Tuesday, August 31, 2010

An Open Letter to Glenn Beck


Let me begin by saying thank you for creating and staging your impressive “Restoring Honor” event yesterday in Washington DC.  Dedicating a day to Faith, Hope and Charity along with honoring the sacrifices of our men and women in the military who sacrifice so much on our behalf.

A few personal thoughts on the event itself.  Overall, I found the event uplifting and at times inspirational.  I believe your intentions were honorable.

My take on what I think the event was about and what I took away:

The purpose of the event was…..
  1. To honor the sacrifice of our troops
    1. I have read, according to their website, over $5 million dollars was raised for the Special Operations Warrior Foundation.  This is a worthy charity that supports the children of fallen troops.  Fantastic!
  2. To point out that we are missing honorable behavior and people in our country today. 
    1. Too many people operate out of corrupt principles at all levels of leadership both within and outside of government
    2. We are notably missing examples of true heroes, especially in the private sector.  (not that they do not exist, but they go unrecognized)
  3. To restore honor to our country through the assembled common principle of faith in a higher power
    1. While at times it was too heavily weighted on an evangelical Christian message, I believe that your point was that having a faith in God, whether you are Jewish, Catholic, Protestant, Muslim, or Hindu, is a bedrock of our society.  Without faith in God, our country cannot survive as a free society
    2. At the closing, the black robe brigade with over 240 men and women of many faiths helped make that point.
  4. To honor people who are examples of faith, hope and charity and to hold them up as examples to follow.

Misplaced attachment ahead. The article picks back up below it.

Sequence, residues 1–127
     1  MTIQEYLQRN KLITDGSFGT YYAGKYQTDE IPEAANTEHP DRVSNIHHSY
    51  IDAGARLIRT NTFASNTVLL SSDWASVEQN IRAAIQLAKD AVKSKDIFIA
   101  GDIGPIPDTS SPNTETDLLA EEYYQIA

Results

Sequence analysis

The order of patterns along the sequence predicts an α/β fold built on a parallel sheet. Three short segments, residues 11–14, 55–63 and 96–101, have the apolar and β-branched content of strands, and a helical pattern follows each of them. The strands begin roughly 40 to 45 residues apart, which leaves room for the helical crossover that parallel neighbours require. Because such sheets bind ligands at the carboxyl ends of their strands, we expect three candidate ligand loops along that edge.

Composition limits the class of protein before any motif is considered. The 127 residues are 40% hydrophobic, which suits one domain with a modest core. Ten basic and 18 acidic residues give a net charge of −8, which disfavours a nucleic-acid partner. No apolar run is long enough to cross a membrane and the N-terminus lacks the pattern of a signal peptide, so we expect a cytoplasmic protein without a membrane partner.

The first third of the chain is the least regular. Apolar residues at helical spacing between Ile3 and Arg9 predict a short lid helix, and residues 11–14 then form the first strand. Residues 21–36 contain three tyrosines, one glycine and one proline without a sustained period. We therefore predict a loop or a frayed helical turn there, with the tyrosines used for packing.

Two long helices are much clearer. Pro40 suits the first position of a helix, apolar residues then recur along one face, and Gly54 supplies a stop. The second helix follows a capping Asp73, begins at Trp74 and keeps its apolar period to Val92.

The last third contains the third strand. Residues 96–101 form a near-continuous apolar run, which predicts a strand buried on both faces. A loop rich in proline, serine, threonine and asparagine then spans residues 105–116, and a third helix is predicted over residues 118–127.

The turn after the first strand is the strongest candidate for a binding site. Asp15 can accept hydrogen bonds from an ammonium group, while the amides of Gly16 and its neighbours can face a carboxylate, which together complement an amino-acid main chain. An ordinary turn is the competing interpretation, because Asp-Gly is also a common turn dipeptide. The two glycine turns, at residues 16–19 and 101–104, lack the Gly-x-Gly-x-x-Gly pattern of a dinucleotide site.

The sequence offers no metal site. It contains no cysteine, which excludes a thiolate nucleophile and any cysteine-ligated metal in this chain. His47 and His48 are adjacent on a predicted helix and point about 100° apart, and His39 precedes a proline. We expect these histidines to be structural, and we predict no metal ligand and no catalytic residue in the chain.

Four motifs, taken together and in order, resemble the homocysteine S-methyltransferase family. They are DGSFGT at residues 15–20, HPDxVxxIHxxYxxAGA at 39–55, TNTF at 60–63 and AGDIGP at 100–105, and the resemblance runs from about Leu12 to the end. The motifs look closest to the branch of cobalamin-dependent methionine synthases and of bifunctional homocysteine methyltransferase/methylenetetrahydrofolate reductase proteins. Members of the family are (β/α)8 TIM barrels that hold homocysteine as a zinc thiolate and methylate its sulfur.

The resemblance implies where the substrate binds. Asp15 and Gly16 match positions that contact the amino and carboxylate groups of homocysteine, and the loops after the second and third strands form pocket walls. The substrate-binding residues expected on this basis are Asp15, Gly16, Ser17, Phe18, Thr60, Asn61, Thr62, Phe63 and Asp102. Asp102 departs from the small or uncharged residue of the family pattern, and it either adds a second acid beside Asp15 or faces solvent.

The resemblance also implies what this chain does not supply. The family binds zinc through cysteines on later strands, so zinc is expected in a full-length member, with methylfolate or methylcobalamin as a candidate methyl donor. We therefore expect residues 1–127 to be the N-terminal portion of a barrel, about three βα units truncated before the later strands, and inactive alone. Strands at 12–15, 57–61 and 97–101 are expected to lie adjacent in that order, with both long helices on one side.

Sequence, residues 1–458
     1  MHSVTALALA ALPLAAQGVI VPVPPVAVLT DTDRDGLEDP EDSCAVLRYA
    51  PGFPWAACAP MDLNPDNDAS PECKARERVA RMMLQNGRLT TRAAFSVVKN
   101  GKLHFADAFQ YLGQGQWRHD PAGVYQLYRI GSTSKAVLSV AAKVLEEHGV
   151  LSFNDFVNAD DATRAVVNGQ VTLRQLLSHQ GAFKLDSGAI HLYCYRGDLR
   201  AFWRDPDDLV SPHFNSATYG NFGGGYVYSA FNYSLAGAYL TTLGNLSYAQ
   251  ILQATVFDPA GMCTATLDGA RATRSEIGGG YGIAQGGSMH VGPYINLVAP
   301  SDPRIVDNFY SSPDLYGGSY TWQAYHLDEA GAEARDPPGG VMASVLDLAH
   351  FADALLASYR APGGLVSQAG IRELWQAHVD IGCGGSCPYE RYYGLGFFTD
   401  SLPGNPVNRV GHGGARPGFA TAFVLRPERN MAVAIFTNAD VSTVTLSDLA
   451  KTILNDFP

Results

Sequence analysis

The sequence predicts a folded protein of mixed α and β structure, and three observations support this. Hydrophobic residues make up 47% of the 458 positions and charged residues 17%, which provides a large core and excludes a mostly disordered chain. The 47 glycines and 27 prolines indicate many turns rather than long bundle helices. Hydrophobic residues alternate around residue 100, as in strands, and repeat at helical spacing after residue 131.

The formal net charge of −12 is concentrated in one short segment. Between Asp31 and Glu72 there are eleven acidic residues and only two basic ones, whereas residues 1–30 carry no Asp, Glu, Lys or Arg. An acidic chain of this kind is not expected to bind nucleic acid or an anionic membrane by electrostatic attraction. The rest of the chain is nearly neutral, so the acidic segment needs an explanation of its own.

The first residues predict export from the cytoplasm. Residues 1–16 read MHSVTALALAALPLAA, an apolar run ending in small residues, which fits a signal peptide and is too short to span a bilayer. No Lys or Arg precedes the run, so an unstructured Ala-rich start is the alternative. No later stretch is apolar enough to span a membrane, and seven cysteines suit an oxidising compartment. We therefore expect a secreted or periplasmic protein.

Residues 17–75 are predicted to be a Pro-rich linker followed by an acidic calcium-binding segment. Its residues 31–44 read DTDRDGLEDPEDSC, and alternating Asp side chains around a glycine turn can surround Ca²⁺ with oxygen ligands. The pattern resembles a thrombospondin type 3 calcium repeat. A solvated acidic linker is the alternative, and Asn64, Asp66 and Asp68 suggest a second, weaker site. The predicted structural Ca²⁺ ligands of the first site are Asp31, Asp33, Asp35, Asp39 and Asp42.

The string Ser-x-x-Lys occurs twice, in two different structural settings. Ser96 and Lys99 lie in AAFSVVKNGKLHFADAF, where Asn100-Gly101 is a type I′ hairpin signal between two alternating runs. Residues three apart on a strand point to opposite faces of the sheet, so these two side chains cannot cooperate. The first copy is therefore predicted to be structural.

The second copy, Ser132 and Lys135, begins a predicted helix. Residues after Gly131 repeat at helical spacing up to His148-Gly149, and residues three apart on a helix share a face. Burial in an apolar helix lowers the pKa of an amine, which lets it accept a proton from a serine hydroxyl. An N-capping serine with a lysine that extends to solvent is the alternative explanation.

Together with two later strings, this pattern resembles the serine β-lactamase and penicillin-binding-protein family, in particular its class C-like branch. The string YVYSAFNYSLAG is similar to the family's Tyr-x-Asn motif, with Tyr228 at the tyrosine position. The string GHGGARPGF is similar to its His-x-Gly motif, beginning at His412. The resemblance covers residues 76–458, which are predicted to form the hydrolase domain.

1. All three of your recipients of the “badges of merit” you offered were private citizens who demonstrated through their past examples, behavior worthy of emulation.
All in all, it was an amazing event.

Was it a home run?  Perhaps not, as at times, it seemed the execution was a little off and at times, it became too much about you and not enough about the causes you were trying to espouse.  (I do not believe the focus on yourself was your intention as at times you looked a bit embarrassed at what some people said from the stage in their attempt to thank you for your leadership on this event). In addition, the crowd was not very diverse.  It was mostly white, older and married.  It would have been nice to have seen a more diverse crowd as the message was certainly applicable to anyone who claims themselves members of the human race regardless of their ethnicity, status or background. 

Finally, a couple of comments about media crowd estimates. I have no idea how many people actually attended the event, however I will say it was MASSIVE, certainly more than I had ever seen at any event there in the mall. It was packed! My son and I arrived at the Metro at 7AM and the lines to get on the metro were already backed up the escalators into the upper wait area. A similar experience going home (and that was after we waited on the mall by the Lincoln memorial for at least an hour after the event was over.).  Was it in the tens of thousands or hundreds of thousands, I can not say.  To me, it felt like I was there with 500,000 of my "closest friends".  Whatever the number it was, it was HUGE!

Still, it was a noble effort and I am proud to live in a country where a private citizen can use his personal wealth and power to stage such an event.  I believe that this would be in line with the principles of economist Milton Friedman, who was a strong advocate for the creation of private wealth and ownership as the best means to advance our society and to act as a counter-balance to the drift of government toward concentration of power and ultimately corruption.

Let Freedom Ring

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